Earnings are OK but Rising Rates Weigh on Stocks, Terry Gardner, C.J. Lawrence Market Comment 042022 – YouTube Video & Transcript


Terry Gardner (00:02):
Hey, good afternoon everyone. It’s Terry Gardner from C.J. Lawrence. It’s Wednesday, April 22nd. Coming to you from Midtown Manhattan with some brief market commentary as we kick off the first quarter, 2022 earning season in a relatively volatile market. So we’ve got four points to our call today. First, we want to discuss the current outlook for earnings and interest rates, two of the most important determinants of stock prices in our view. Number two, we want to look at sector leadership inside the S&P 500 Index inside the market. And then thirdly, we want to share some of our thoughts on the outlook for the economy and for the market, looking out into the back half of 2022 and early 2023. And then share some statistics on stock market returns with you.

Terry Gardner (00:51):
So first off with regards to earnings and interest rates, on the earnings front, it’s still early in the first quarter earning season. But results are coming in ahead of expectations at a good clip. Only about 61 companies out of the S&P 500 have reported, but 80% of those have reported positive surprises. So that’s good momentum, that compares to 75% positive surprises in the last quarter. So earning season is off to a good start so far in the first quarter for the first quarter results of 2022. And earnings expectations are being ratcheted higher for both 2022 full year and 2023. So those are good underpinnings for stock prices when earnings expectations continue to rise. And we haven’t seen a chink in the armor there, earnings expectations continue to be ratcheted higher.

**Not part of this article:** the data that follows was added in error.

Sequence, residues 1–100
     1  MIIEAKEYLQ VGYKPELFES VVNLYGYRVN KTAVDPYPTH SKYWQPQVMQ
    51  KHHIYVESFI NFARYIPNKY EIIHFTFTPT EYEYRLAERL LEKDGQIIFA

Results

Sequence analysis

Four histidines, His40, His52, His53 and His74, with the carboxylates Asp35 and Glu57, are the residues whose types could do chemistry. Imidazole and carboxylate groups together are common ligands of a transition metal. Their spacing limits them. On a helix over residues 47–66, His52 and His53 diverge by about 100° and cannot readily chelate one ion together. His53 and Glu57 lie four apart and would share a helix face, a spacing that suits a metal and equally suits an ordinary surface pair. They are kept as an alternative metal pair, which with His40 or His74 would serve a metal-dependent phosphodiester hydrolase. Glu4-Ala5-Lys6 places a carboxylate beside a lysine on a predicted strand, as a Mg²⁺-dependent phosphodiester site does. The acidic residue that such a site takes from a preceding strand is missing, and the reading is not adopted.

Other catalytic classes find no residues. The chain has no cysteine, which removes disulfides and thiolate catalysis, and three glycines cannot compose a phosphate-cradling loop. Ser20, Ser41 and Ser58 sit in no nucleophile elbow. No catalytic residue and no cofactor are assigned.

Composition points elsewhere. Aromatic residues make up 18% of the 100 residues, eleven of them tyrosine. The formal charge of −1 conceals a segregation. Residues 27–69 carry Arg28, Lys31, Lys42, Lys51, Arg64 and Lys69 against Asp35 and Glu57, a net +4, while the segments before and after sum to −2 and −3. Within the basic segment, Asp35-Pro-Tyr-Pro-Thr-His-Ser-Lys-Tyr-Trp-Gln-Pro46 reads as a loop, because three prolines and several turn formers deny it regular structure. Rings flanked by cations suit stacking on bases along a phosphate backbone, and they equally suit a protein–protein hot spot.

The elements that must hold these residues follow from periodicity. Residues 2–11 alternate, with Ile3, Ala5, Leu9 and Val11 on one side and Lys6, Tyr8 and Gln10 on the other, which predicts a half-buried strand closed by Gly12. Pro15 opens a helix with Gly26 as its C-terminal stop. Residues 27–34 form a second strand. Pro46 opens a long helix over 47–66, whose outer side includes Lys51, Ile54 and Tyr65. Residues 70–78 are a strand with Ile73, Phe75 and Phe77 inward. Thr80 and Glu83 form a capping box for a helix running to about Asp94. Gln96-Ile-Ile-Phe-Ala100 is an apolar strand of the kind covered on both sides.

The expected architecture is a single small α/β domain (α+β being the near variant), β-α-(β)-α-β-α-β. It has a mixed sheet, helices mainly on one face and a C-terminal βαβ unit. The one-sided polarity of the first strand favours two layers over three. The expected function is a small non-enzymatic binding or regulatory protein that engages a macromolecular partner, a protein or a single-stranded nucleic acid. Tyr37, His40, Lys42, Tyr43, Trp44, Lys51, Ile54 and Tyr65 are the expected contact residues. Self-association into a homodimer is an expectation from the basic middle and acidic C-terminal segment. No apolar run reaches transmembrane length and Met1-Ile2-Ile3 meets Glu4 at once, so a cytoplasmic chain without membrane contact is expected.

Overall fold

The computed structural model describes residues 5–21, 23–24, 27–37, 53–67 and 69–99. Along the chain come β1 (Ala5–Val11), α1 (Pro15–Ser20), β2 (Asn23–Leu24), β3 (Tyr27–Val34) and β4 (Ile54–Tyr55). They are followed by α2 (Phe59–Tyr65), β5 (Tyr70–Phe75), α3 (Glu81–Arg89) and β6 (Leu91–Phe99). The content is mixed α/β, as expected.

Terry Gardner (01:44):
Countering that has been the rapid rise in interest rates, which has weighed on the market and created a lot of volatility. What we like to look at is kind of two models specifically. The first is we like to look at the earnings yield versus the treasury bond yield model. And what that measure is the earnings yield on stocks, which is the inverse of PE versus the yield on 10-year treasuries, and just to show the balance between the two. Over a long period of time, that ratio of earnings yield to treasury bond yield has averaged about 1.8. Since the financial crisis, that ratio has exceeded 1.8 every quarter since and has been much higher, as high as 2, even 3, 4 times in terms of the ratio. Interestingly, as of last week, that ratio dropped below 1.8, to 1.75. So that’s the first time we’ve seen that ratio decline below the average since the beginning of the financial crisis. And that’s probably something to watch. Again, that’s kind of comparing the earnings yield on stocks versus the yields you can get on bonds and the parody between the two.

Terry Gardner (03:01):
And another model that we like to look at in that same regard is how fast are those interest rates rising in the long end? So we have a 30-day rate of change model, and simply what it looks at is where is that 10-year yield today versus where it was 30 days ago. So it just measures the pace of change. And we’ve noted in the past that when that 30-day rate of change eclipses 25%, it tends to peak out shortly thereafter. And then the stock market tends to perform much better in subsequent periods. We thought we’d achieved that 25% rate of change back in February.

Terry Gardner (03:48):
But interestingly enough, with this latest surge in rates, the 30-day rate of change has now eclipsed 60%, which is at an all-time high. So we’re seeing rates today over 60% higher than where they were 30 days ago. That’s quite remarkable. Clearly, it weighs on stock prices. I think one could probably make the case that it’s remarkable to see how well stocks have held in there despite the rapid rise in interest rates. So those are two models that were watched going into the belly of two of 2022.

Terry Gardner (04:28):
Secondly, we wanted to look inside the index to see whether the sector leadership confirmed some of that broader macro backdrop, and to an extent it does. The leaders on a year to date basis, on a sector basis within the index have been energy, consumer staples, and utilities. All three would be considered to have safety and defensive characteristics. So as bond yields are eclipsing stock earnings yields, you could expect the market to become a little more defensive. And in fact, that’s what we’re seeing inside the market.

Terry Gardner (05:06):